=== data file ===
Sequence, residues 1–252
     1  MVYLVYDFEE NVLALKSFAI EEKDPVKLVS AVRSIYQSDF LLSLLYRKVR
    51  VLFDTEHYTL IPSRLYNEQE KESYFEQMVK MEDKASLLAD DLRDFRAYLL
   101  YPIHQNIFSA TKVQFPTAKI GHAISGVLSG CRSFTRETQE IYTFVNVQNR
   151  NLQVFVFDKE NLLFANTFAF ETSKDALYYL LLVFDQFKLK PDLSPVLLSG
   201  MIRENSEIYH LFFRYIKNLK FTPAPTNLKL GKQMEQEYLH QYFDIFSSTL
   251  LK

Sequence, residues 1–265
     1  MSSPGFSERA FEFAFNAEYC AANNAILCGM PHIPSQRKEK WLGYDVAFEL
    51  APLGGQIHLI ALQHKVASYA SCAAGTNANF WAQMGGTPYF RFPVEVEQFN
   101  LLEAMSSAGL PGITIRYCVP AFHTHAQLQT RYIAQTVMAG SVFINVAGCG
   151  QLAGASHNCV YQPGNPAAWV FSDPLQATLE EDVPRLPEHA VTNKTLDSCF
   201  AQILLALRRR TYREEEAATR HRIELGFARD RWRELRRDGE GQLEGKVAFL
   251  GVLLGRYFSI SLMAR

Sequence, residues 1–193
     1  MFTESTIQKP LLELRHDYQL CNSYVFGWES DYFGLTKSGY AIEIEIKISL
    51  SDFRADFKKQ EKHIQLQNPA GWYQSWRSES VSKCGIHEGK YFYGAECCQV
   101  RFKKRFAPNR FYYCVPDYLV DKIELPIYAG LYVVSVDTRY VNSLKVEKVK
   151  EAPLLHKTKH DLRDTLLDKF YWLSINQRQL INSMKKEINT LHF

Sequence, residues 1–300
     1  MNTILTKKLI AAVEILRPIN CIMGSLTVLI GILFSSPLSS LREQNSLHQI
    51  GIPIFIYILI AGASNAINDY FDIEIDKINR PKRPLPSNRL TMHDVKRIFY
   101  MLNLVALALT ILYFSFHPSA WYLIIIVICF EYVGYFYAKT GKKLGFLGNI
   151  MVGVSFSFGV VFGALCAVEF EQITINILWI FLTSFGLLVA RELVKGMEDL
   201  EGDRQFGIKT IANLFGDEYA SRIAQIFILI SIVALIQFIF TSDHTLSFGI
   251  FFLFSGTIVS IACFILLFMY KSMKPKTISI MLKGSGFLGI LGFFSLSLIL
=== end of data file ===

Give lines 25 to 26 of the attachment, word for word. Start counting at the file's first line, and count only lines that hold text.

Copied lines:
   201  EGDRQFGIKT IANLFGDEYA SRIAQIFILI SIVALIQFIF TSDHTLSFGI
   251  FFLFSGTIVS IACFILLFMY KSMKPKTISI MLKGSGFLGI LGFFSLSLIL